Shahrukh’s failures last year put him below Badrinath Ki Dulhania, Judwaa 2, Kaabil, Toilet: Ek Prem Katha, and Jolly LLB 2. So, logically, his next films should be lower budgeted, lower promoted, just overall smaller than those films. While Varun Dhawan should be moving up and getting the bigger and bigger productions.
But, Shahrukh can’t do that. Despite the on paper value of his name slipping, he perceived value is such that once he is attached to a film it becomes a “Shahrukh Khan Film” and therefore is immediately priced out of the range he can now reach. This is what he mentioned in the Ittefaq promotions, he loved the script, but he knew he couldn’t be in a film like this and have it be the film it is supposed to be.
And this is what they are all facing, all these big names of the 90s. Let me take a brief detour. Remember in 2016 when there was all this fuss about how many celebrities were dying? I read a smart person in a comment on another site who pointed out it was false correlation. What really happened was a new kind of celebrity culture which blossomed in the 60-70s thanks to the growth of television, international connections, mass music companies, etc. etc. And because that celebrity culture began in the 60s-70s, the majority of the first generation of these celebrities are dying now, 50 years later, as they reach old age. It’s just a function of time since certain changes happened, that’s all.
(WAQT: the Race Against Time! Also, a reminder of the kind of stupid film Akshay used to do before Twinkle gave him an ultimatum)
The 90s era of Hindi film stars, they were the first to get the massive international media attention of the kind the industry has today. And so they feel “bigger” than stars since them, just because they were the first. They are bigger in a lot of ways, yes, but they are also shrinking now and struggling to get out of the shadowed outline of what they used to be.
They have all come close to succeeding in breaking out of the trap of who they used to be. Ajay in Golmaal, playing the wacky comedy guy instead of the action hero. Akshay in his serious social dramas instead of his action-comedies. Aamir of course, with his various character tics and tricks that let “Aamir Khan” disappear in front of our eyes. But its still a struggle. They can’t just mix in the smaller films with the bigger ones, or take a smaller part if they like the script.
Anil Kapoor, for instance, in 1999 played the second hero in Taal, a special appearance in Mann, the hero’s friend in Biwi No.1, and the hero in Hum Aapke Dil Mein Rehte Hain. For the next several years to today he has mixed together hero parts with supporting roles, and it hasn’t seemed to cause any massive cognitive dissonance for the audience, it wasn’t a huge story in the media, it was just where his career went at that point. Anil was only 15 years into his career at that point, when he started to slip at the box office and let his prices drop, Shahrukh is now 25 years into his career and most of the other 90s brigade even longer.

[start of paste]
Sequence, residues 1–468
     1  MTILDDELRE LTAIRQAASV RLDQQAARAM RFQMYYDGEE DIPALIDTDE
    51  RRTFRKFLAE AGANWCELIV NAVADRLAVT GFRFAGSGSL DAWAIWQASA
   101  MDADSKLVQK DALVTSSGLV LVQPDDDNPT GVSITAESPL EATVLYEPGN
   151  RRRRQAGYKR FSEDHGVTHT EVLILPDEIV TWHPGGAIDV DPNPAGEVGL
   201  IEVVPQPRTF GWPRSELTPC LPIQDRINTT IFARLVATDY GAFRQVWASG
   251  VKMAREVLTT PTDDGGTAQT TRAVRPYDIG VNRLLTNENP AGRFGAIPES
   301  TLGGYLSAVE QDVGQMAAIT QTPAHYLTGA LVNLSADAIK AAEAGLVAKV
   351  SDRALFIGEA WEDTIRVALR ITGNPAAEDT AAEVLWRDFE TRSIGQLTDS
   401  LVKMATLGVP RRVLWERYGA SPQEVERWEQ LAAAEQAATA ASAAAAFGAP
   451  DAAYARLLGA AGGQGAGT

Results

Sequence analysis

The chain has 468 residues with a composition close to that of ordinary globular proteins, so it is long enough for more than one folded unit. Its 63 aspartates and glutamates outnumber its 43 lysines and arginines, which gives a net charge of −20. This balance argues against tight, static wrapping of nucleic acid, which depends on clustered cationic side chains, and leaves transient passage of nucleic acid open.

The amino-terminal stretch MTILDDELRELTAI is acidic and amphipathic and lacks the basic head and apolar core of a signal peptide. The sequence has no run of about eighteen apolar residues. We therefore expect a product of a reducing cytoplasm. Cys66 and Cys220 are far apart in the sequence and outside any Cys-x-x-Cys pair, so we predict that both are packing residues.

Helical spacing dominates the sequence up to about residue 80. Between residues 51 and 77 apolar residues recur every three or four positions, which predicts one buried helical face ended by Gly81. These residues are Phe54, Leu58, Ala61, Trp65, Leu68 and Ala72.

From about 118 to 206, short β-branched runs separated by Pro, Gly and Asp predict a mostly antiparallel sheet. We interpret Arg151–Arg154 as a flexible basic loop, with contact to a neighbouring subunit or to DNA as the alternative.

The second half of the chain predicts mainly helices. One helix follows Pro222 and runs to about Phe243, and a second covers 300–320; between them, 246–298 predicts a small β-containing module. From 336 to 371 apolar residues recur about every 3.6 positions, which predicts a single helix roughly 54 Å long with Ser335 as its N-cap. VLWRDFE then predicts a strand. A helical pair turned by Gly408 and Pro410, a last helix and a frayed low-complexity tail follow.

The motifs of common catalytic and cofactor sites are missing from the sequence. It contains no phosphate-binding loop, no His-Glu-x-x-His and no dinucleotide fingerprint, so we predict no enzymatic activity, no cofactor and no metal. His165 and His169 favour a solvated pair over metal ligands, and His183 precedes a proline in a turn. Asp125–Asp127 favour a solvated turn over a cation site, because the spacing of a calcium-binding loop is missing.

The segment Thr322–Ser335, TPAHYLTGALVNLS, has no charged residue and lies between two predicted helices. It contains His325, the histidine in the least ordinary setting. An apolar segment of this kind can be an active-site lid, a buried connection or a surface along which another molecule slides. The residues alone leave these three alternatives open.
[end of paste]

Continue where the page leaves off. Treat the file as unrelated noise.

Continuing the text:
(Anil Kapoor, moving on to comic relief roles, 10 years younger than Shahrukh is now)
The market needs to adjust around them. Their value needs to be corrected and recalculated. And, as important, the value of others needs to be increased.
Virat Kohli is now, accurately, considered a bigger brand draw than Shahrukh Khan. But the same consideration needs to take place in the film industry as in advertising, that smaller subsection of the Shahrukh brand needs to do the same assessment as the larger brand world. It’s harder to assess then simply looking at this list. Varun, for instance, can you consider Judwaa 2 fully his hit, or is it also partly a hit of Salman’s?
But looking at 2017 as a whole, certain films stand out as doing significantly better than expected. And from those films, certain actors also stand out. Rajkummar Rao, Ayushmann Khuranna, Arjun Kapoor (right below Shahrukh!), along with Varun, are all on their way up. Sushant Singh Rajput, depending his next release, would be on this list too. Ranveer didn’t have a release in 2017, and Ranbir only had the troubled Jagga Jasoos, but both of them are generally hitting as consistently as the 90s brigade by now.
The 90s stars are now being over-valued, not in terms of their actual film payments, but the kinds of films that are being made around them, the expectation that they can open and serve as the lead for massive massive productions. But the new stars are being undervalued. They are being kept in small films with lower budgets, or big films that eclipse their center characters, instead of having films built around them. Where is Ranveer’s Raees? Or Varun’s Tubelight? Or Rajkummar Rao’s Toilet: Ek Prem Katha? Or Arjun Kapoor’s Baadshaho?
To go back to the upside down mortgage idea, these young actors are the houses in the undiscovered neighborhoods, the ones that someone needs to snap up and spend a little money on paint and decoration, and then resell for twice the value.
(Remember, Shahrukh needed quite a bit of work himself before his “house” had any value. Also, young Kabir Bedi!!! My My!!!)